Native American issues raised at border hearing
A discussion of the impacts of border protection in Havre Thursday turned to a time before there were borders.
During a meeting to collect public comment on a study on the environmental impacts of U. S. Custom and Border Protection actions, Duncan Standing Rock Sr. and Alvin Windy Boy Sr. of the Chippewa Cree Tribe of Rocky Boy's Indian Reservation, said actions on and off the border affect American Indians, directly and culturally.
"I have a lot of concerns, " Standing Rock said.
Standing Rock said Native Americans' relatives, history and traditions cross the border.
"We call North America our Mother Earth. This is our Mother Earth, both on the other side of the border and on this side"
But, he said, there are misunderstandings about Native traditions, obligations and even rights through treaties.
"What I would like to see
is the immigration offices, you people, should get together with the Canadian immigration people to get a better understanding of native … people on both sides of the border, " he said.
He added that many Native Americans follow traditional religions, including activities such as using sweetgrass. The border officials do not always respect that, he said.
"It's very rude, if you're a Native American, and some … religious artifacts, whatever they have, (are) taken away and thrown away …, " he said.
"Sometimes they deny their freedom of religion, " he said, and sometimes even having a misdemeanor driving under the influence charge will keep someone out.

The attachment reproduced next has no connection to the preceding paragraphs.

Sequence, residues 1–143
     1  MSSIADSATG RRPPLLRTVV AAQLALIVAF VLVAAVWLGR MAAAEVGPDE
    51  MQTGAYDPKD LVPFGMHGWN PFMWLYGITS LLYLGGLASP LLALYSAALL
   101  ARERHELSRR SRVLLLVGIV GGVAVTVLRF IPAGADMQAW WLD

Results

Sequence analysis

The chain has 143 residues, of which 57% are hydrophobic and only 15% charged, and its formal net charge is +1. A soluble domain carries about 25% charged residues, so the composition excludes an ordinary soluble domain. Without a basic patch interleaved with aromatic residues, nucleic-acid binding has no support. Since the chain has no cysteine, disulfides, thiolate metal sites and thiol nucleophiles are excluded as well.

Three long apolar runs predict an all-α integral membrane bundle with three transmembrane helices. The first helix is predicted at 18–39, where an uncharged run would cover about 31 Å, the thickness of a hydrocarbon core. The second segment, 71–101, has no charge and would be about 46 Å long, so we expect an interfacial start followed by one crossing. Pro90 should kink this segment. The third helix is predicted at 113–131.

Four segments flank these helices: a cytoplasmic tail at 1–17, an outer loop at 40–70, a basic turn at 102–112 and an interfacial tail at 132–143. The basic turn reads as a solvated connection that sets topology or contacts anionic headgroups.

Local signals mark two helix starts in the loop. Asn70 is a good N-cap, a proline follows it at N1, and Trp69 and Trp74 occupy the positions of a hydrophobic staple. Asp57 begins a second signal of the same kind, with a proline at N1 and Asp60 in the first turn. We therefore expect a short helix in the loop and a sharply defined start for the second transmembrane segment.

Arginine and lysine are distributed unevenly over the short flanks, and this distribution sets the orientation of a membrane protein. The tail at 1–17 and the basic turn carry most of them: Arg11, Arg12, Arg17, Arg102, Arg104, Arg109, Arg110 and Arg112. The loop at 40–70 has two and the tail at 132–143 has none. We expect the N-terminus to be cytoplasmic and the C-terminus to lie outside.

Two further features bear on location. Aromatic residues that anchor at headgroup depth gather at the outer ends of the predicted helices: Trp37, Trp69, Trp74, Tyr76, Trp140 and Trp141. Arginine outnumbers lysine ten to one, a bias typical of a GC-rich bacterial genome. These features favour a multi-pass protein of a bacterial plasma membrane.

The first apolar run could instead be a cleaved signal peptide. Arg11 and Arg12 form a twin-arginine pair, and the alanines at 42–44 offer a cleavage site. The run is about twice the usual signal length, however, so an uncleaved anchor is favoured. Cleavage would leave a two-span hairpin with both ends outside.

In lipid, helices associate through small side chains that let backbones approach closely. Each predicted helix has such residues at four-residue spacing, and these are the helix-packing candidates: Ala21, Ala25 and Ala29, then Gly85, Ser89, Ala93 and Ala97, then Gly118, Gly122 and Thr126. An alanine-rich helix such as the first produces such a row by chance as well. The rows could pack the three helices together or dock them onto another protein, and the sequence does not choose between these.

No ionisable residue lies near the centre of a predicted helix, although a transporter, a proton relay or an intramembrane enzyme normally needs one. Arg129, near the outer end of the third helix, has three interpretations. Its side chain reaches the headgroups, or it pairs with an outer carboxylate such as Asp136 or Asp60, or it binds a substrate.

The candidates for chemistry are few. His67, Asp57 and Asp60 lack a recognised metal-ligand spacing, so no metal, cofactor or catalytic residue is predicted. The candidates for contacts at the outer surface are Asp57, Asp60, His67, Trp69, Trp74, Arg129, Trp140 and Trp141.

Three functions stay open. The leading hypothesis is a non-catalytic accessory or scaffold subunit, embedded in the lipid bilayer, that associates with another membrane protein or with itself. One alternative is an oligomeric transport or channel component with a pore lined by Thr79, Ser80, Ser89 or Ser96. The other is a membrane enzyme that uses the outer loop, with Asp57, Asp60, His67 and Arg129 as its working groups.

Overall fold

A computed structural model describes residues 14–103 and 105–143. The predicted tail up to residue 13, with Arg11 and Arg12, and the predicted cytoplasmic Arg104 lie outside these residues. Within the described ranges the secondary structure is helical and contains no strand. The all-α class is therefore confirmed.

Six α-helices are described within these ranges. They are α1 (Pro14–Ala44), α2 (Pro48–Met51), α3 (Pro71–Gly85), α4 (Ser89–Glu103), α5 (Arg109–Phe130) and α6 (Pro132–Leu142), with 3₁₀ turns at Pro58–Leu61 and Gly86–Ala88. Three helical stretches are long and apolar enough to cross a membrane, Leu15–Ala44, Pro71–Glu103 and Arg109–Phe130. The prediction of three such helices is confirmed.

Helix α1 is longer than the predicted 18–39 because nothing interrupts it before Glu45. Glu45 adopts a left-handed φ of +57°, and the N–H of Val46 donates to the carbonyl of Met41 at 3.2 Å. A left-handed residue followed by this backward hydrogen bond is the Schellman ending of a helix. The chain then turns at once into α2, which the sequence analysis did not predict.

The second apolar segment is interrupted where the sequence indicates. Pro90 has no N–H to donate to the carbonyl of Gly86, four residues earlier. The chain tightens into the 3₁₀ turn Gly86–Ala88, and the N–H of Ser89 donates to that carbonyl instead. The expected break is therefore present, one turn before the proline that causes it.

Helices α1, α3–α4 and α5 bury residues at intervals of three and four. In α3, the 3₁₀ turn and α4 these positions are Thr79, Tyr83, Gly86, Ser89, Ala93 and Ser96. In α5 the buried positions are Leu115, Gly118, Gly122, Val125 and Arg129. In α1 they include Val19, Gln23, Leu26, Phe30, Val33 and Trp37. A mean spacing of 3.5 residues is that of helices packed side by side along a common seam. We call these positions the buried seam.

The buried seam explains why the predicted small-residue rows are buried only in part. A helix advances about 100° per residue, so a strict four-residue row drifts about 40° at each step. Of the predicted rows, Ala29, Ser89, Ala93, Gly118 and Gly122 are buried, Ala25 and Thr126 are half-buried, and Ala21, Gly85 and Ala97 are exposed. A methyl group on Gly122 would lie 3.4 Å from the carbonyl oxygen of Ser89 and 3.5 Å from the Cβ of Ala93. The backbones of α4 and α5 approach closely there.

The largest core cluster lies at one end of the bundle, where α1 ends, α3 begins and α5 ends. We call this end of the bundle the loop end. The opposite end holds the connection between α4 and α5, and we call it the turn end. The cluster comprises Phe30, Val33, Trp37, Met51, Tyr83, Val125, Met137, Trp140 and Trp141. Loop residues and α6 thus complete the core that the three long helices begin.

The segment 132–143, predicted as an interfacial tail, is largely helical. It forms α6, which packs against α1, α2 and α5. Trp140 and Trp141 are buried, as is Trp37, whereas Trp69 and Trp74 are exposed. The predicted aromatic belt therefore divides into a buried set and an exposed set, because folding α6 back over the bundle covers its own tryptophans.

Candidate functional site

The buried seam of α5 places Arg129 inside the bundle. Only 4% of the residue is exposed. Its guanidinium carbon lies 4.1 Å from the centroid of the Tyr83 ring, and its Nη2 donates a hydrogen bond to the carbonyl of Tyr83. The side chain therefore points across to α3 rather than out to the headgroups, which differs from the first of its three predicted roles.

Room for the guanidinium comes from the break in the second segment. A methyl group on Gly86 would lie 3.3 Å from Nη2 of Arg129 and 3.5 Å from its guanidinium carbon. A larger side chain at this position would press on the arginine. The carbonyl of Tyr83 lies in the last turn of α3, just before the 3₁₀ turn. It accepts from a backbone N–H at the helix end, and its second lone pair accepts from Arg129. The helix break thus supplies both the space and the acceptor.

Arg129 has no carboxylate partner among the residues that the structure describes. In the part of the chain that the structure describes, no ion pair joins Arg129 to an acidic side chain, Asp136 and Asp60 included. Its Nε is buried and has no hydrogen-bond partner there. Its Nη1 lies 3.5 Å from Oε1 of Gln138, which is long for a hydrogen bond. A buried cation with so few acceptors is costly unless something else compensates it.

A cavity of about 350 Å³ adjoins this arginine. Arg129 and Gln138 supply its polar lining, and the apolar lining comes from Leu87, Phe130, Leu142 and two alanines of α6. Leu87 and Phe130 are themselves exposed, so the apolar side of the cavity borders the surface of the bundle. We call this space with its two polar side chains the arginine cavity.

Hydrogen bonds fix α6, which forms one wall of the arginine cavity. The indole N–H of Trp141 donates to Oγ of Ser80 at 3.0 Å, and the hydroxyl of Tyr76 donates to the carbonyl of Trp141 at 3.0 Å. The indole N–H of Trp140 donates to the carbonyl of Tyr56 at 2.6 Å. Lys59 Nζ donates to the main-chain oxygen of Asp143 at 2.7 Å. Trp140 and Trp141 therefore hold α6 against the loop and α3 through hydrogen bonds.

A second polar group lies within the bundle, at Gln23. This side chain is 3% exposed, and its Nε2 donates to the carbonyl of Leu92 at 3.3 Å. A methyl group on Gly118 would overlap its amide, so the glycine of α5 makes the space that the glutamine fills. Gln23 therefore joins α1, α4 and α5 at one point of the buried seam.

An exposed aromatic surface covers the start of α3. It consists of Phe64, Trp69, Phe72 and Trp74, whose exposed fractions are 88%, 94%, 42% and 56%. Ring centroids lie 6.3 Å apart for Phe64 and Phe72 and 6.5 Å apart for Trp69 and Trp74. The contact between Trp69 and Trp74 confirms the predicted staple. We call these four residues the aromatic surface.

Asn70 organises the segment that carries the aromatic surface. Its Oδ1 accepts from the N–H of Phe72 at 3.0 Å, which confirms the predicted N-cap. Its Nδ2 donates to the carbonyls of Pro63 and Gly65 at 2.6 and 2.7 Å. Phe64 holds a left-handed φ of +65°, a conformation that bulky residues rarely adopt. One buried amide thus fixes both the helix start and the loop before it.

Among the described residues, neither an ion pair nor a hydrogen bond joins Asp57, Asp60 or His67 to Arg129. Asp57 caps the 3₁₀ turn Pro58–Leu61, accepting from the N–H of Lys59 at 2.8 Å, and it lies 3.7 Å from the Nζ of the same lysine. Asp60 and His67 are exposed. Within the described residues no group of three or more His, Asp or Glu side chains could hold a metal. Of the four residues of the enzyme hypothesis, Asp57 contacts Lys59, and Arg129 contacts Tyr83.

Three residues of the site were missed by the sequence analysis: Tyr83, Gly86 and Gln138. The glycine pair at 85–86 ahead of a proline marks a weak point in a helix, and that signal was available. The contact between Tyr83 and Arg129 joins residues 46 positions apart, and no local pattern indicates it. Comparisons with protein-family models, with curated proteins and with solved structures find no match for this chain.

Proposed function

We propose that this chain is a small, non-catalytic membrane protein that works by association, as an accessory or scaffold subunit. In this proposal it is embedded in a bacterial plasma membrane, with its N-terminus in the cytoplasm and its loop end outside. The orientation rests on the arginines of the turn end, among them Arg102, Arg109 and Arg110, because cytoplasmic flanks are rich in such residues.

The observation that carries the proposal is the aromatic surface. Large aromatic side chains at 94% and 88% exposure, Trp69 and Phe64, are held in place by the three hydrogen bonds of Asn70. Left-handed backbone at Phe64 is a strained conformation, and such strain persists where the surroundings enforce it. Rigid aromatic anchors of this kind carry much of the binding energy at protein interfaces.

"We have sisters and brothers over there, and it separates our people, " Standing Rock said.
The problems could keep hundreds, even thousands of people from crossing the border and supporting the economies of the region, he said.
"They spend a lot of money, " Standing Rock said. "Some of them are driven back. "
Border officials on both sides need to understand the traditions of the natives, he said.
Windy Boy, historic preservation officer for the Chippewa Cree Tribe and a former chair of its council, said the impacts of actions by officials on and away from the border can have a major impact on Native American culture and history, which he likened to his tribe's being forced onto a reservation to try to make livings on marginal land as farmers and ranchers.
"What we're trying to preserve is very small, 140,000-some acres, " he said, adding that, historically and now, they have little resources with which to do that.
He asked what protection will be made for historic, cultural and religious sites. It is apparent that CBP has not worked with the tribes in the northern and southern borders' corridors — many suggestions have been made by tribes, but none of those are included, he said.
He said two or three years ago the tribes suggested that immigration officials be taught cultural sensitivity, adding that the hundreds of tribes in the nation, and in Canada, have different cultures and traditions.
He said that, in the case of the Cree, they have cultural and religious sites on both sides of the border, and for hundreds of miles both east and west.
The same is true for the Ojibwe, he said.